“No one explained anything to us. There was a lot shouting. The police were trying to frighten us as much as possible. They took away his passport and left him with only his toothbrush,” said Jenifer, recalling Karabus’s arrest at the airport.

    “I am still trying to make sense of it all. What is the point of this? What is their goal? And what do they want?”

    A specialist paediatric oncologist, Karabus – who has a pacemaker – was tried and convicted in absentia in the United Arab Emirates in 2002, after he worked as a locum at the Sheikh Khalifa Medical Centre in Abu Dhabi in 2000.

    Prosecutors argue that Karabus failed to give a blood transfusion to a three-year-old Yemeni cancer patient during an operation at the medical centre, causing her death.

    She later died of myeloid leukaemia.

    “Something is very fishy here. There was no need for them to wait 10 years to arrest him. They knew where he lived; he signed a contract with the hospital. If they wanted to find him they would have,” Jenifer said.

    Karabus was sentenced to three years and six months in jail.

    His sentence included the payment of about R230 000 “blood money” to the victim’s family.

    Karabus is currently living with Dr Elwin Buchel, the former head of gastroenterology at the University of Pretoria.

    Seeing her husband with shackles on his feet and hands, “shuffling” into court during his earlier appearances was “shocking” for Jenifer.

    She explained that she met Karabus for the first time 40 years ago when he treated her four-year-old daughter from a previous marriage at the Red Cross War Memorial Children’s Hospital.

    Her daughter also had myeloid leukaemia, the same disease as the Yemeni cancer patient.

    Jenifer’s daughter died of the disease in 1973.

    “I feel sorry for the parents. I know what they went through… I went through it myself, “ she said.

    It’s a proven fact that on his own, Karabus has managed to reduce the death rate of certain types of leukaemia by 80 percent, said Jenifer

    She said Karabus’ situation is beginning to take a toll on their five children.

    “They worship their father,” she said.

    His “humongous” legal fees are also putting a strain on the family.

    “Money just disappears. He has no income there. He is currently living on a credit card that he uses for basic necessities,” Jenifer said.

    The missing originals are Karabus’ notes, lab reports and details of the three-week period before he started treating the girl.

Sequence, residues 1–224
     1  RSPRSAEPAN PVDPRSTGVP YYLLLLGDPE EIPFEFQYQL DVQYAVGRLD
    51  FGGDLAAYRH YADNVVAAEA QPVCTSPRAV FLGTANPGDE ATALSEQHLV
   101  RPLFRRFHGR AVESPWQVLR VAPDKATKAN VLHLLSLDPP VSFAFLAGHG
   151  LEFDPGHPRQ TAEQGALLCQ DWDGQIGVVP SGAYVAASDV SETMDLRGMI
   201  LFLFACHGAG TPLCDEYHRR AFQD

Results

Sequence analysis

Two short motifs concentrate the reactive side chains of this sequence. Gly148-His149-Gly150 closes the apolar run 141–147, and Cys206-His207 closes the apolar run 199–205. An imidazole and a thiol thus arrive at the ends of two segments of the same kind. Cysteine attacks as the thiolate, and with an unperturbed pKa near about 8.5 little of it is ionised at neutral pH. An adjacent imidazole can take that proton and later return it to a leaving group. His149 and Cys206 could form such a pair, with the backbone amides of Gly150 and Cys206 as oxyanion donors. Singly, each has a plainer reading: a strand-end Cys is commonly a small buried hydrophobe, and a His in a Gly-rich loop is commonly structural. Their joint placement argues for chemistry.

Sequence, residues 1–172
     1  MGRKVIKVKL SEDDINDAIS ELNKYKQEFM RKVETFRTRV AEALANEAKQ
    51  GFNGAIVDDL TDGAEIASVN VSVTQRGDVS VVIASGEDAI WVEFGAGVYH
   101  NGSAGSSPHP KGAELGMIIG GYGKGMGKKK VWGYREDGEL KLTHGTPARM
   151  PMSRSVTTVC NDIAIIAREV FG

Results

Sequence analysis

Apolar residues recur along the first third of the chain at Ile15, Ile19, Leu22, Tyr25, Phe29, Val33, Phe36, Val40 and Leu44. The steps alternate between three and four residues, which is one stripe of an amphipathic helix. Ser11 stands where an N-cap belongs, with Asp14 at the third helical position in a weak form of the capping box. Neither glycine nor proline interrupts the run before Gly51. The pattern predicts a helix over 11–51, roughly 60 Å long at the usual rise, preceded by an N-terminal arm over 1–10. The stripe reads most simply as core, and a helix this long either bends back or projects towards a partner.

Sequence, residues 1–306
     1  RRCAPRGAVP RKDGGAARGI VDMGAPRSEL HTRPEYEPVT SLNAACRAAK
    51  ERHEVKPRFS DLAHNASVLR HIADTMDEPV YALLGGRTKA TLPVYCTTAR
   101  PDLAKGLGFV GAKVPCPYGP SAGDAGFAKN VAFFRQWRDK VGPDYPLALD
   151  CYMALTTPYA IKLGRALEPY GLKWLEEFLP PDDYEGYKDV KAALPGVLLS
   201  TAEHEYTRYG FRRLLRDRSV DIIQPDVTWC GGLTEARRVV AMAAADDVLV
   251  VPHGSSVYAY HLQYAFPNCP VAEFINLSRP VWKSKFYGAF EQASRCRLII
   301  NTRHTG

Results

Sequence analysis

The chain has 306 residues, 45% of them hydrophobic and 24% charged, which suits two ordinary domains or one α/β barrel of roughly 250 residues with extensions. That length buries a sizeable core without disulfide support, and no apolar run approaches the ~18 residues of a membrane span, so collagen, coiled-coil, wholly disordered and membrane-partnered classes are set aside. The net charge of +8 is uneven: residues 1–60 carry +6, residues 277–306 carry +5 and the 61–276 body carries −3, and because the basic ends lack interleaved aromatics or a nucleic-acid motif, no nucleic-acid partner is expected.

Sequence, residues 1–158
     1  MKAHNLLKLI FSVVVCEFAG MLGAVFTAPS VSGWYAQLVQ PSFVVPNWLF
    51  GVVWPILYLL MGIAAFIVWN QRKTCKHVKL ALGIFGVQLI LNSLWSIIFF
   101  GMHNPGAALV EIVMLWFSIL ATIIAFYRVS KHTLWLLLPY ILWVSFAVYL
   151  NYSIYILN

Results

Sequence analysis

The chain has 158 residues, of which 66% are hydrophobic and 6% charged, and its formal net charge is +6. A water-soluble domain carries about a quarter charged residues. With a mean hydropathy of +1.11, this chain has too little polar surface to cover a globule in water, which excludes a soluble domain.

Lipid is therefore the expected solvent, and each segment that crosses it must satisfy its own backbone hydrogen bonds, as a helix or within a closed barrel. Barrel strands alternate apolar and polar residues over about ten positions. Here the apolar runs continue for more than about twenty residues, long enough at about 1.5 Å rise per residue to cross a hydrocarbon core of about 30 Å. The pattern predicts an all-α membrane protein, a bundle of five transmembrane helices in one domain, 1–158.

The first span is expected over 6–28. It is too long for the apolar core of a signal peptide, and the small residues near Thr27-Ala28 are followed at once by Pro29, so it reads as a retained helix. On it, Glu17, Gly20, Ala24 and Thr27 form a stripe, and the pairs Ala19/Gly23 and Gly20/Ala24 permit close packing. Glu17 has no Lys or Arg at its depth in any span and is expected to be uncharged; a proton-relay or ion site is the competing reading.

“His work is his hobby, he worked all the time. When he was not working, he enjoyed exercising in the pool and working in the garden,” Jenifer said.

    “I miss cooking a meal for him. I have no reason to cook anymore. It’s not like he is on holiday… I don’t know when, or if, he is coming home.”

    Jenifer said she was grateful for the support and donations coming in from all over the world.

    Her friends and children are helping her cope with the ordeal, she said.

    She is planning to travel to Abu Dhabi at the end of the week.

    She explained that all court proceedings in Abu Dhabi are held in Arabic. Although they have an interpreter, their lawyers are not fluent in English.

    “This whole thing is ridiculous. We can’t even get a straight answer from our own lawyers,” she said.

    Karabus is turning 78 on April 1.

    Cape Argus

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    Strikers were turning away trucks and buses in the Wolesley area to stop non-striking farm workers going to work.


    Western Cape - Strikers were turning away trucks and buses in the Wolesley area to stop non-striking farm workers going to work on Wednesday, SABC radio news reports.

    They had also closed a road into a nearby township.

    It was also reported that farmers in the Hex River Valley had employed private security personnel to protect their property against strikers.

    Western Cape farmworkers went on strike last year, demanding that their daily wages be increased from R69 to R150. They also wanted a coherent land reform programme.

    Two people were killed and property worth millions was destroyed between August 27 and December 4. The strike was then suspended.

    Last week, the Congress of SA Trade Unions (Cosatu) announced that the strike would resume on Wednesday following failed pay negotiations with Agri-SA and government. - Sapa

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    A senior traffic officer is being investigating for allegedly posting calls for violence against farmers on a social network.


    Western Cape - The Western Cape’s Witzenberg municipality is investigating a senior traffic officer for allegedly posting calls for violence against farmers on a social network. The municipality covers Ceres, Tulbagh and Wolseley.

    This comes amid high tension between farmers and workers in the area, after a series of strikes for higher wages, which are set to resume on Wednesday.

    The Food and Allied Workers Union called on farmworkers to “engage in peaceful strike actions and desist from engaging in violence, yet to remain militant in the course of protest, picketing and other actions”, said Fawu general secretary Katishi Masemola.